However, there has been a shift in thinking since 9/11. While prevention will always be important, it sets us up for failure because it is impossible to prevent every attack from occurring. The focus of security and crisis managers is now – and should remain – on response, recovery and resilience. We no longer question whether attacks, disasters, crises – whatever term we choose to define damage – will occur, but when. And when they do, how resilient are we? How quickly can we bounce back?

The Department of Homeland Security defines several “events of national significance”, or National Special Security Events (NSSE), that require the development and implementation of security operations. These range from presidential inaugurations to public funerals. They draw a large audience and are often covered live by broadcast media. These events are the ones for which we prepare with knowledge about most of the event components, but they are vulnerable because they are high-profile events and, therefore, attractive to an individual or group wishing to make a statement, or to embarrass a community or country.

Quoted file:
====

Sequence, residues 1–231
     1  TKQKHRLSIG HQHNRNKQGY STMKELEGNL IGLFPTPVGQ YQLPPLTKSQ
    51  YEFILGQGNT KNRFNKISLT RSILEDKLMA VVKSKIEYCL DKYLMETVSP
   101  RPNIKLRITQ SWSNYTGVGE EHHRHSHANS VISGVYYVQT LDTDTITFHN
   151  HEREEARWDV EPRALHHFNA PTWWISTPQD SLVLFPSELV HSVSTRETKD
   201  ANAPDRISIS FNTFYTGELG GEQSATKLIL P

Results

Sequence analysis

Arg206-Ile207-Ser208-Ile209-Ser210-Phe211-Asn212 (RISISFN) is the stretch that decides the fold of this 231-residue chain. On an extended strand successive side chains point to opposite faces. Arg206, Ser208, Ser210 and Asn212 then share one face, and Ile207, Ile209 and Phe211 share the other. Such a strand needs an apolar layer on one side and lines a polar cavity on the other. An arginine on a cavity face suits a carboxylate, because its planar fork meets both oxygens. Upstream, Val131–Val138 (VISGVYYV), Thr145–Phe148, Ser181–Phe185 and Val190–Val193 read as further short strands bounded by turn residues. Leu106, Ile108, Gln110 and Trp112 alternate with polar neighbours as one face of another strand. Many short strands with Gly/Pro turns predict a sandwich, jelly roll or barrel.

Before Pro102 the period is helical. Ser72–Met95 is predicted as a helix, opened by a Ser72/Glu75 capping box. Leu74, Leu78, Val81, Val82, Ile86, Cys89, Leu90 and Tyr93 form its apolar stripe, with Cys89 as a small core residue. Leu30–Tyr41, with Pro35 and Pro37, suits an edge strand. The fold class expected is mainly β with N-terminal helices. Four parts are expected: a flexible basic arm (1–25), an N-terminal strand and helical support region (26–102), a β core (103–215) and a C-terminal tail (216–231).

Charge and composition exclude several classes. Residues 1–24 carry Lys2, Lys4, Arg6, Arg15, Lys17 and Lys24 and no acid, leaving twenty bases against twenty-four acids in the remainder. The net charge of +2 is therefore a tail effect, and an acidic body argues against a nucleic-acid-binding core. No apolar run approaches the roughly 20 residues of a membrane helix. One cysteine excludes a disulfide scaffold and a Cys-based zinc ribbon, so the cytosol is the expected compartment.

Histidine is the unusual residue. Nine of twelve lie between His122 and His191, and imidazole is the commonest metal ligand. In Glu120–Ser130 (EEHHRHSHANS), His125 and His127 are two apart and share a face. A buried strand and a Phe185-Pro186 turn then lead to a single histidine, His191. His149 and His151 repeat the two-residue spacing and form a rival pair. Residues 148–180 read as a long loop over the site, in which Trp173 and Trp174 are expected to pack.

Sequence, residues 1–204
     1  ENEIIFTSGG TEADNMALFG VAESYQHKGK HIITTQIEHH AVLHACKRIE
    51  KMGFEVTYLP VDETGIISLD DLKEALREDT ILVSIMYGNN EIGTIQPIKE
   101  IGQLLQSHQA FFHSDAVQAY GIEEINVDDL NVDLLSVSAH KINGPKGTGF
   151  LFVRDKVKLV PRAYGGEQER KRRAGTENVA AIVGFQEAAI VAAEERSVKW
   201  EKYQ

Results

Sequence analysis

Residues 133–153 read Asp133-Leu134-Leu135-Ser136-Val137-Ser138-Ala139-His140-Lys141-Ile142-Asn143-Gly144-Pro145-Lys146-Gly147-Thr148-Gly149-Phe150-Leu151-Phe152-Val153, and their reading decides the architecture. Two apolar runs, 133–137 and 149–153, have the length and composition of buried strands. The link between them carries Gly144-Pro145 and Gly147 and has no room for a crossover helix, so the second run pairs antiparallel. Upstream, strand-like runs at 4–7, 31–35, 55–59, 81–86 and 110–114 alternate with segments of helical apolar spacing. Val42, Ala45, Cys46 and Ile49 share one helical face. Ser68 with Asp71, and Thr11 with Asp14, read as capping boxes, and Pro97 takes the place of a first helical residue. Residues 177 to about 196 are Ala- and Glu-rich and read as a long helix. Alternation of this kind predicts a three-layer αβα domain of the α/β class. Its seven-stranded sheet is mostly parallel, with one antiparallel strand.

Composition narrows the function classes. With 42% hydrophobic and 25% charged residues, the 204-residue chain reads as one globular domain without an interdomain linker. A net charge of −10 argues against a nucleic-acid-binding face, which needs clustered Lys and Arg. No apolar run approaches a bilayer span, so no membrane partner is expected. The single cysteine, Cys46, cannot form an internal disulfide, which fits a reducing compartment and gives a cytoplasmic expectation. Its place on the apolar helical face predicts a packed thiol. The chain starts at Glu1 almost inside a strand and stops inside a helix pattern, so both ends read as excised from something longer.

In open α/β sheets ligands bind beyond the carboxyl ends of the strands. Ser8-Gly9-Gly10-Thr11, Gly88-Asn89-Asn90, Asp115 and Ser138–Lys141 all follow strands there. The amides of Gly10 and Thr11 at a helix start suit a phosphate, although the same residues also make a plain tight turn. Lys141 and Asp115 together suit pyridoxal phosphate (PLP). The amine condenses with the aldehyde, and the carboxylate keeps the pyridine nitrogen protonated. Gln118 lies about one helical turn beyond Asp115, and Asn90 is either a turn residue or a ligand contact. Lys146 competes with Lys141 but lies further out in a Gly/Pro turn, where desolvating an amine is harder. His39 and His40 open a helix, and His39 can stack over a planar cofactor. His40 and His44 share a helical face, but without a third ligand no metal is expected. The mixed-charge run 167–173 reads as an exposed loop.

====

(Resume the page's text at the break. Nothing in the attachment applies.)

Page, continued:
To understand how to respond and recover from a disaster that affects a special event, we must understand what kind of incidents are being considered. Post 9/11, we focused almost exclusively on terrorist attacks, but we now know that the most efficient and effective use of resources is to build a security template that protects against hazards of all kinds, natural and man-made. In 2005, Hurricane Katrina demonstrated how an exclusive focus on tackling terrorism was a spectacular mistake.